Will's raw anger stage had long since passed. Inside, he'd already been reduced to a black hole, though on the outside he was twenty pounds fatter in fast food weight. He couldn't remember the last home-cooked meal he'd enjoyed, but he remembered the last meal she'd cooked. Chicken parmesan with green beans and mashed potatoes. She hated mashed potatoes, but he'd insisted. Will also remembered -- he couldn't forget -- how in the mornings, before he left to work, she'd always leave him two pieces of toast. The idea of having toast now was unfathomable. He remembered how on Sunday mornings, before church, Julie would sometimes whip him up scrambled eggs and bacon. They hardly missed Sunday Mass, but after she died, Will stopped going. He couldn't manage seeing other people live their happy little lives, and he definitely couldn't be around babies. The idea of starting his own family was like a fairy tale now. He could no longer listen to Father O'Reilly, with his salt-and-pepper hair and thick-framed Ray-Ban glasses. He couldn't stand to listen to another word about Jesus' love for humanity, about anything unless he goddamn felt like it.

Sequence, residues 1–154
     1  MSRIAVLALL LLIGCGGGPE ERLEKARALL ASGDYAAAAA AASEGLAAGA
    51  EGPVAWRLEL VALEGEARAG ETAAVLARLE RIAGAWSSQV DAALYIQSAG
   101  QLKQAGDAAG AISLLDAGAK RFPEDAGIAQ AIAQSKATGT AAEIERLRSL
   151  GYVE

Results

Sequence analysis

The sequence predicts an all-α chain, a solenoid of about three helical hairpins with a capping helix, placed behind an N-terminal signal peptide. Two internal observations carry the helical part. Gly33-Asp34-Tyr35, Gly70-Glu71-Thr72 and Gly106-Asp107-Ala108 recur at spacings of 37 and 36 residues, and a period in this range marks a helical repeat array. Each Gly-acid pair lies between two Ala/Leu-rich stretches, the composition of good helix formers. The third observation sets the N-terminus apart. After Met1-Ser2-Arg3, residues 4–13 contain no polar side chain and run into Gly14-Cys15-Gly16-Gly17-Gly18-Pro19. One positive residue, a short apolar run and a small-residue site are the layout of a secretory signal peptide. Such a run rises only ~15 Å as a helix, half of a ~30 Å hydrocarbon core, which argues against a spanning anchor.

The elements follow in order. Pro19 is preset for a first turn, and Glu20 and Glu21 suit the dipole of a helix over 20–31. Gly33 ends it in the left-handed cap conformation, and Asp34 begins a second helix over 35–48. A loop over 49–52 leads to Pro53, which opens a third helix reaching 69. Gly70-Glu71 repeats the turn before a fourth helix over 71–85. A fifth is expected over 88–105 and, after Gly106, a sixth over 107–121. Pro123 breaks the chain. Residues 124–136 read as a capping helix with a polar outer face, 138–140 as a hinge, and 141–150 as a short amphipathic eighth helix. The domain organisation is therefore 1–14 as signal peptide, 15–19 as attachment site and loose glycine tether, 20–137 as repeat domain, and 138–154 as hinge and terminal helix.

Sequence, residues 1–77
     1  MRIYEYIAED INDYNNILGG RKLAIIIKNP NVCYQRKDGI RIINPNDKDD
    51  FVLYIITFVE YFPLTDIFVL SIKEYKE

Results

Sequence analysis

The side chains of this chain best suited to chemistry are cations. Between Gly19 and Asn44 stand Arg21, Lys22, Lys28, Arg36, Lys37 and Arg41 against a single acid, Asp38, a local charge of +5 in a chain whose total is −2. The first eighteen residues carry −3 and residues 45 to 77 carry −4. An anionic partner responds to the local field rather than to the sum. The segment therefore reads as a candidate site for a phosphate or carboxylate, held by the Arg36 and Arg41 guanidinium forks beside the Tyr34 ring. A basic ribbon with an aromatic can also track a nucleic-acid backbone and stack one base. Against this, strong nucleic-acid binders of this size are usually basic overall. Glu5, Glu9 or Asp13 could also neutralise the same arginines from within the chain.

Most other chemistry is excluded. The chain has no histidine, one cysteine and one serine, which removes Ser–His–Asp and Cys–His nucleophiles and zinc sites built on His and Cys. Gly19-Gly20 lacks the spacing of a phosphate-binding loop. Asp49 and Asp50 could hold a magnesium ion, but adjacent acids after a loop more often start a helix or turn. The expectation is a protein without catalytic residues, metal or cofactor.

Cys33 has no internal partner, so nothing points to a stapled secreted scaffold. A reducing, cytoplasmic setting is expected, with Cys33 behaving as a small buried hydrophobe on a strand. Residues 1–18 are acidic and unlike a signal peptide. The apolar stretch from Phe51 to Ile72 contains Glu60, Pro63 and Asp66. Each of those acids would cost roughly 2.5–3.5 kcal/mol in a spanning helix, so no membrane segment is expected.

At the office, Will became a bigger workhorse. He'd used his risk management degree to work his way up in auto insurance, save good money and start his own business, WillCo. He managed a small team. He intended to keep the business growing, even with Julie gone -- especially with her gone.